Research published in Frontiers in Psychiatry this month has suggested that psychedelic experiences can reduce levels of depression by helping patients come to terms with their emotions and their memories. The authors of a new research article pointed to a series of studies that focus on the impact that psychedelics have on “experiential avoidance” and “experiential acceptance.”
It is believed that people who are depressed will do their best to avoid negative or scary situations, and will spend a lot of time focusing on it. This type of behavior actually causes depression to spiral, because it causes people to think about it more than they should, and prevents them from engaging in activities that might make them feel better, this is experiential avoidance.
Experiential acceptance is understanding your emotions and memories, along with your fears and sadness, and continuing to live your life in the best way that you can. The studies that the researchers listed appeared to show that psychedelic drugs helped patients achieve experiential acceptance, which allowed them to overcome their depression.
Richard Zeifman, a PhD student at Ryerson University and research intern at the Centre for Psychedelic Research at Imperial College London, was one of the paper’s authors.
“In contrast with the traditional pharmacological interventions, the effects of psychedelic therapy appear to last months and even years after treatment has ended. Understanding how psychedelic therapy leads to long-lasting mental health improvements across a range of conditions is not yet fully understood but is important for enhancing and delivering psychedelic therapy to individuals that may benefit from it,” Zeifman said.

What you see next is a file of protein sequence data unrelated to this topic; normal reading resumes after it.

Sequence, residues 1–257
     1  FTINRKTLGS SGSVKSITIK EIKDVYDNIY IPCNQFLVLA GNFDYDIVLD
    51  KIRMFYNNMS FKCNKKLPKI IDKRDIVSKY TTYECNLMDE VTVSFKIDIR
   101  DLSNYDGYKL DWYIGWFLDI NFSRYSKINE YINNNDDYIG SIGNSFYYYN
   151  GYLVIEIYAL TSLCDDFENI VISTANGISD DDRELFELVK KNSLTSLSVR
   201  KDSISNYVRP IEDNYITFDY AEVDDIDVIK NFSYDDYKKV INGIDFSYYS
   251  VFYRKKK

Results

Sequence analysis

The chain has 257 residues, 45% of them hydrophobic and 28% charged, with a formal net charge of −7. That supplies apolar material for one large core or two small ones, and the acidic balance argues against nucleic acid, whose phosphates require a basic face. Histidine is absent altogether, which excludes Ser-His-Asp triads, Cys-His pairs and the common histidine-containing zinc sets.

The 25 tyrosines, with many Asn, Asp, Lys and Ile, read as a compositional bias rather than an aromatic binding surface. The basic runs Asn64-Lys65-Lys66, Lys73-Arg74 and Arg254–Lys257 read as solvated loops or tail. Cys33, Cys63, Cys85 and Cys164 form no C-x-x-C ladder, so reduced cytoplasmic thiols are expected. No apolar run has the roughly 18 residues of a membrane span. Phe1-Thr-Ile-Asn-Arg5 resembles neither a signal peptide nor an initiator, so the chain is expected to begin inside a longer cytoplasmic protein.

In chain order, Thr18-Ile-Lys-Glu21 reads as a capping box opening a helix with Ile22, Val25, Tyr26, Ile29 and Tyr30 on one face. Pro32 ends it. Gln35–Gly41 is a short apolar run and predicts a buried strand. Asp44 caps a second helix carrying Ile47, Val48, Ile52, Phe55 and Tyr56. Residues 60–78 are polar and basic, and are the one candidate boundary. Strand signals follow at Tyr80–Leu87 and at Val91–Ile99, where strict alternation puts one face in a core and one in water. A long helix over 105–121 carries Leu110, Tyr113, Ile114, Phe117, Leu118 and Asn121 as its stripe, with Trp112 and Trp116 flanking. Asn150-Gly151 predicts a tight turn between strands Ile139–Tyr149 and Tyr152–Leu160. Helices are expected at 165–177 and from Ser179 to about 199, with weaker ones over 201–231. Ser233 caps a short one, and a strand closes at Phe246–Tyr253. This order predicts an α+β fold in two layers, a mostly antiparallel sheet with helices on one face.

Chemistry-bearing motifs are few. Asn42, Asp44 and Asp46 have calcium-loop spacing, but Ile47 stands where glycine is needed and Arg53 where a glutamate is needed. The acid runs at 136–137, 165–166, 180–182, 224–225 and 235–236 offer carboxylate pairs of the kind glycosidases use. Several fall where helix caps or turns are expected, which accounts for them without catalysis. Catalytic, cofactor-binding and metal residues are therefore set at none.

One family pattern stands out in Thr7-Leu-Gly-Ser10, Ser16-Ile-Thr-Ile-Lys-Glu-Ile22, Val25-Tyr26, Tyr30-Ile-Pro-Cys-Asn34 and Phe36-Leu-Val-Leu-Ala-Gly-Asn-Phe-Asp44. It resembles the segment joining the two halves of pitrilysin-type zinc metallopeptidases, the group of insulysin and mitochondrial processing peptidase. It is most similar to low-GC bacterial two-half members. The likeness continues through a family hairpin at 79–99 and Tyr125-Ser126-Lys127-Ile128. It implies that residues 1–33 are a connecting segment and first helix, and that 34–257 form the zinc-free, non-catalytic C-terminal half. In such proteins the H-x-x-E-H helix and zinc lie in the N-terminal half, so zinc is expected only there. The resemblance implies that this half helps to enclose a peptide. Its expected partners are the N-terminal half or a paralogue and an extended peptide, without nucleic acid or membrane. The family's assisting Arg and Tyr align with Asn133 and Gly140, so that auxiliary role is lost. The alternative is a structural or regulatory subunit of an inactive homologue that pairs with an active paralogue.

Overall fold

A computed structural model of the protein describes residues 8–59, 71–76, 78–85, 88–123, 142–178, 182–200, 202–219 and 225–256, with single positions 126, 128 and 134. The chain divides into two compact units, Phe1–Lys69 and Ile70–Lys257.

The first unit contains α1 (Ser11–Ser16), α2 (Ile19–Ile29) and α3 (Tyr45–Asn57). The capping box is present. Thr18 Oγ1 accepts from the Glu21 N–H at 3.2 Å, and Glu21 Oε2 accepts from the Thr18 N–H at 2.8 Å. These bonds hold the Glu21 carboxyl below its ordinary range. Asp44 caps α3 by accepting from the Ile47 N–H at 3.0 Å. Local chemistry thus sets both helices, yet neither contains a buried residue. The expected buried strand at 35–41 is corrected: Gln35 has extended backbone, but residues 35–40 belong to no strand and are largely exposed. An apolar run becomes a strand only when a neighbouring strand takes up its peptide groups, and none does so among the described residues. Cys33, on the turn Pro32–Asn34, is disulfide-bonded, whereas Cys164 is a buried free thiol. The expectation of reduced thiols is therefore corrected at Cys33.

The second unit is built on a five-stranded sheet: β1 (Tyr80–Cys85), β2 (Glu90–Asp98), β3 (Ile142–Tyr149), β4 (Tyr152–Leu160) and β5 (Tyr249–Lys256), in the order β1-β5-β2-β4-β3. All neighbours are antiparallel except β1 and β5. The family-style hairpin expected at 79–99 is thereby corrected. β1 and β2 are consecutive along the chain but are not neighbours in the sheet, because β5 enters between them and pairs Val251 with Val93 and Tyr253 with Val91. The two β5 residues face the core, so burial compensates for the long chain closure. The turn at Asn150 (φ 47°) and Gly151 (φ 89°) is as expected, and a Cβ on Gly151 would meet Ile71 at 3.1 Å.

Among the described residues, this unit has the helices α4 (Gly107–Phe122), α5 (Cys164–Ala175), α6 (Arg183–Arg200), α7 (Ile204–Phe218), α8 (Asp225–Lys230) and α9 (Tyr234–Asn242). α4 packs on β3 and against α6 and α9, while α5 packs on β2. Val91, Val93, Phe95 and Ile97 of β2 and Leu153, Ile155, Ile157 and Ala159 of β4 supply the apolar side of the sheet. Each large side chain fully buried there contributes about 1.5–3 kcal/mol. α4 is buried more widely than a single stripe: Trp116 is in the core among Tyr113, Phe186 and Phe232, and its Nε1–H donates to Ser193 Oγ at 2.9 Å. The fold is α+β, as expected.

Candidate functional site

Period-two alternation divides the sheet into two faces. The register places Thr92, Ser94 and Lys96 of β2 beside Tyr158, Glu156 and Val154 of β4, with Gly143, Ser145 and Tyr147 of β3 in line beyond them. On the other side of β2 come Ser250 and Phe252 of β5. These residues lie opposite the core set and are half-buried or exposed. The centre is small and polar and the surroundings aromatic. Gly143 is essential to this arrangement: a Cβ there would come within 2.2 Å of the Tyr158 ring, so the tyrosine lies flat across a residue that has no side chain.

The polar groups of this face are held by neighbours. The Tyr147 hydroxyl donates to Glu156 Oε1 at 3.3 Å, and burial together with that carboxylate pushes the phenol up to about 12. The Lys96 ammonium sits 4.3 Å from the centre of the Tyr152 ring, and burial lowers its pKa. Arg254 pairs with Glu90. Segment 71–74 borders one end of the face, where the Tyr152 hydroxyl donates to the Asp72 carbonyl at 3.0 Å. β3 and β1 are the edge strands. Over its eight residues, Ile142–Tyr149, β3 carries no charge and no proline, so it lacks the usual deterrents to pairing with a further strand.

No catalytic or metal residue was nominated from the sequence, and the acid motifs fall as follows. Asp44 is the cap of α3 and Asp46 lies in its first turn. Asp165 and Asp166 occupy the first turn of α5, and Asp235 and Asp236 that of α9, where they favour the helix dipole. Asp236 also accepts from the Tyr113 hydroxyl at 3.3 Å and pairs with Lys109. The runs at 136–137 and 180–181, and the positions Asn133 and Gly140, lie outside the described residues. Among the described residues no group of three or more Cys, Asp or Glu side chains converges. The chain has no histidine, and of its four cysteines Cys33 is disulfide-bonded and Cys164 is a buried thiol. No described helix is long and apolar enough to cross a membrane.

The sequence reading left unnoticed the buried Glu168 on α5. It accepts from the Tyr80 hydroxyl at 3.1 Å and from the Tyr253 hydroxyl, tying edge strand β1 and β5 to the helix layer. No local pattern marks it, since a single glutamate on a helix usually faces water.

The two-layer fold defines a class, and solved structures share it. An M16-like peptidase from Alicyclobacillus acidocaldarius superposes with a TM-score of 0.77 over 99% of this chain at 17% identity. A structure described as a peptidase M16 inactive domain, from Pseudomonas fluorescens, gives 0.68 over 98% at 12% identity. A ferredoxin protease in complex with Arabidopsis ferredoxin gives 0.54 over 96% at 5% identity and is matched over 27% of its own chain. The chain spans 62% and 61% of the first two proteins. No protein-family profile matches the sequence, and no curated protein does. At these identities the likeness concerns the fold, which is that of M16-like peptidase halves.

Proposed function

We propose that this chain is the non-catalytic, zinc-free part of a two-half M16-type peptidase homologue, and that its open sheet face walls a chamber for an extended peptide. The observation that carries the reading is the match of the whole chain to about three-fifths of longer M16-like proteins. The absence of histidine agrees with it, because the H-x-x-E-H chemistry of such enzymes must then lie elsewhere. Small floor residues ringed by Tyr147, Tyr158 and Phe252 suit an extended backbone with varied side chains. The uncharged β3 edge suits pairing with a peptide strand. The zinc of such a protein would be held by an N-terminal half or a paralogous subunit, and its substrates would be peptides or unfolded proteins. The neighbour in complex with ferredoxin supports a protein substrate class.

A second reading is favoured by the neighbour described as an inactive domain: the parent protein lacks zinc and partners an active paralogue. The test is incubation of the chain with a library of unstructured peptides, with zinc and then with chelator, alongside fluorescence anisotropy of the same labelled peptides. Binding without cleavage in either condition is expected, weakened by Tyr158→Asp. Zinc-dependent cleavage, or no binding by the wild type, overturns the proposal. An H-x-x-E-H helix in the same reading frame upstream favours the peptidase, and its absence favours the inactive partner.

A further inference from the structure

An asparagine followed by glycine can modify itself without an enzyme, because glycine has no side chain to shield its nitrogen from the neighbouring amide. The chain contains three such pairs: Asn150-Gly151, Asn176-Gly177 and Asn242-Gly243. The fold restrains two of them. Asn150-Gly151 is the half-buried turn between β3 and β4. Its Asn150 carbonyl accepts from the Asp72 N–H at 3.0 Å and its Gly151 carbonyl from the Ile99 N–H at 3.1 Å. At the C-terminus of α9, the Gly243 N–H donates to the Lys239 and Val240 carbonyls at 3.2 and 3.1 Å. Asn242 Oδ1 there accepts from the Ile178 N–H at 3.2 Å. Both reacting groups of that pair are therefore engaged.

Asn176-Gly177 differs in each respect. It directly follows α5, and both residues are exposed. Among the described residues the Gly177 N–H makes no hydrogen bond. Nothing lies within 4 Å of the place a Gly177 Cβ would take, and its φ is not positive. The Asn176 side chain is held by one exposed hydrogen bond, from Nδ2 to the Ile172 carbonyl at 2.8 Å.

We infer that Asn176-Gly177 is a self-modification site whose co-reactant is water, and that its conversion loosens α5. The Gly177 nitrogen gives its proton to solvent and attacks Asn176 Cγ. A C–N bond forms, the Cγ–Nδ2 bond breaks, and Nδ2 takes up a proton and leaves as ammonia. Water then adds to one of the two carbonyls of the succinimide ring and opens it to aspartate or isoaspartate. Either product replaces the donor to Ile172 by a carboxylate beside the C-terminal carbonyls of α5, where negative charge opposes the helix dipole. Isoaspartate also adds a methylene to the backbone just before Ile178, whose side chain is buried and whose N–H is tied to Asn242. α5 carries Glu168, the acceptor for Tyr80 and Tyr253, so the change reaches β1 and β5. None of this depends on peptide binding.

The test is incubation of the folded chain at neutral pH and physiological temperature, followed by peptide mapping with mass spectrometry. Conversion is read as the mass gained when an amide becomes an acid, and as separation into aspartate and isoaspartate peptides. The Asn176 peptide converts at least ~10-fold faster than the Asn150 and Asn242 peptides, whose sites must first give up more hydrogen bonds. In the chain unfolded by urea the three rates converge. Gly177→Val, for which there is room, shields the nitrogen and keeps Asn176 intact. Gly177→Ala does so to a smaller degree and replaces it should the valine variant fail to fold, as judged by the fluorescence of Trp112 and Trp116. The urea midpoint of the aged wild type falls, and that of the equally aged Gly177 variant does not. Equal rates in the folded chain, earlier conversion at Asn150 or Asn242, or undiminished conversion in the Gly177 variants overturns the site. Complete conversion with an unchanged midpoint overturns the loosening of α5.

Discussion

The studies referenced in the paper recruited participants with online ads and asked them if they were planning to use a psychedelic substance soon, and asked them a series of questions about depression, then later followed up with them after their psychedelic experience to ask the questions again. Two separate studies were done, one for a group that was taking psychedelics in a ritualistic setting, and another that was taking them in a recreational setting. Both groups saw positive results.
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“Our findings suggest that one of the reasons that psychedelic therapy has positive therapeutic effects is that it helps individuals to be less avoidant and more accepting of their emotions, thoughts, and memories (even though such experiences may be distressing in the short-term). More broadly, our results provide further support for the negative mental health effects associated with avoidance. This can be summed up with a saying that is often used in the context of psychedelic therapy, that ‘The only way out is through,” Zeifman told PsyPost.
However, the researchers did caution that more studies need to be done to confirm their results because the sample sizes for both studies were small and the experiments were not conducted in a controlled setting.
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